The personal details of up to 2.4 million customers may have been accessed after a division of Carphone Warehouse was hit by a "sophisticated" cyber attack, the mobile phone retailer has said.
An investigation carried out by the company found that the data could have included names, addresses, dates of birth and bank details.
The encrypted credit card information of up to 90,000 customers may also have been accessed, a statement released by the firm warned.
A Carphone Warehouse spokesman said the attack was stopped "straight away" after its own systems discovered it on Wednesday afternoon.
Asked when the data breach began, he replied: "The evidence indicates within the last two weeks before Wednesday afternoon.
Sebastian James, group chief executive of Dixons Carphone, said: "We take the security of customer data extremely seriously, and we are very sorry that people have been affected by this attack on our systems.
"We are, of course, informing anyone that may have been affected, and have put in place additional security measures."
The affected division of Carphone Warehouse operates the websites OneStopPhoneShop.com, e2save.com and Mobiles.co.uk and provides services to iD Mobile, TalkTalk Mobile, Talk Mobile and some Carphone Warehouse customers.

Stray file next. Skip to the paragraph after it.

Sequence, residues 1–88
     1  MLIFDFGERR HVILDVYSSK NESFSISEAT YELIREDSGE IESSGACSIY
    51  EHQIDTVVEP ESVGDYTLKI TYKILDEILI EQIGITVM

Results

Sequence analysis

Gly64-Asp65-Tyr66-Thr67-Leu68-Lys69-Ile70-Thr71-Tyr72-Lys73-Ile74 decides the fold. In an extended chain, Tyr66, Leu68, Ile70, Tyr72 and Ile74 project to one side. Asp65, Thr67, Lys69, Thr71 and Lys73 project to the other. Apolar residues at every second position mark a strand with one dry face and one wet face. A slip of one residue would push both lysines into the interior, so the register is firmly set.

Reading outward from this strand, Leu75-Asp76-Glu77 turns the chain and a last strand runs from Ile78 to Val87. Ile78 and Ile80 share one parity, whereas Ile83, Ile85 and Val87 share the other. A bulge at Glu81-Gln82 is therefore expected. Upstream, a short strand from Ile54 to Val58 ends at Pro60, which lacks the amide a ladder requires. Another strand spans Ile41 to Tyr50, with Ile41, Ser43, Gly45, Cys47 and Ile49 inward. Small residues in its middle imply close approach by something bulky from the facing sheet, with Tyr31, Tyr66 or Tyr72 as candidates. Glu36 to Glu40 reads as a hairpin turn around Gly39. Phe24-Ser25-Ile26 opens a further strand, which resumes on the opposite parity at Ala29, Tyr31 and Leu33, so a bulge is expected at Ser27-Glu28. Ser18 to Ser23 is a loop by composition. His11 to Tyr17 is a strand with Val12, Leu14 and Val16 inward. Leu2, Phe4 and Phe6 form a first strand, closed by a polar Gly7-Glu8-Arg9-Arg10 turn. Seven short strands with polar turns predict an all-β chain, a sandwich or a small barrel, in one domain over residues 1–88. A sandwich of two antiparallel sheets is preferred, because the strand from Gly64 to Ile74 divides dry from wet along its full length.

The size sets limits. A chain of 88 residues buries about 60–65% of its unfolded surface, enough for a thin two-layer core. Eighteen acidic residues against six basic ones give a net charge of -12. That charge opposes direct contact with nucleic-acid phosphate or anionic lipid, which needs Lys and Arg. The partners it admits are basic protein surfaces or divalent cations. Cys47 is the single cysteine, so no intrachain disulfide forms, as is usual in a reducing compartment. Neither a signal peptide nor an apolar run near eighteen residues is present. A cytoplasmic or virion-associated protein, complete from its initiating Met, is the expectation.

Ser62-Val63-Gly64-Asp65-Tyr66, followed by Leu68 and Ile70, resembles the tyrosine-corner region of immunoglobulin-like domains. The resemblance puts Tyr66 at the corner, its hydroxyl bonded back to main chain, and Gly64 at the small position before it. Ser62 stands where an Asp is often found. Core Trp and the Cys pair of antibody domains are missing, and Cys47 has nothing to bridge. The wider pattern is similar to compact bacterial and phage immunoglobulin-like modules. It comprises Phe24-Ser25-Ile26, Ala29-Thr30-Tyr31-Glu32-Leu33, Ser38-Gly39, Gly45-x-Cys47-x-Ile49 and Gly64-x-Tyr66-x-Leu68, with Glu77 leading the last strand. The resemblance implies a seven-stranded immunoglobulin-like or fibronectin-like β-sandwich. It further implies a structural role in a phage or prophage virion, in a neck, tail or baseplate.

The firm said in a statement: "On August 5 we discovered that the IT systems of a division of Carphone Warehouse in the UK had been breached by a sophisticated cyber-attack."
It went on: "We took immediate action to secure these systems and launched an investigation with a leading cyber security firm to determine exactly what data was affected.
"We have also put in place additional security measures to prevent further attacks."
Carphone Warehouse said it was contacting all customers who may have been affected to inform them of the breach and to advise them on how to reduce the risk of further consequences.
The company added that the customer information of Currys and PC World - and the "vast majority" of Carphone Warehouse - is held on separate systems and was not accessed during the attack.
There have been a number of high profile cyber attacks and viruses, including the Heartbleed vulnerability, first detected in April last year, that left millions of websites open to attack and led to the hacking of sites including Yahoo and Mumsnet.
Other cases included an attack on Sony Pictures that reportedly originated in North Korea in retaliation to Hollywood film The Interview, which depicted the assassination of Kim Jong-un.
E-commerce giant eBay was also the victim of a cyber breach last year.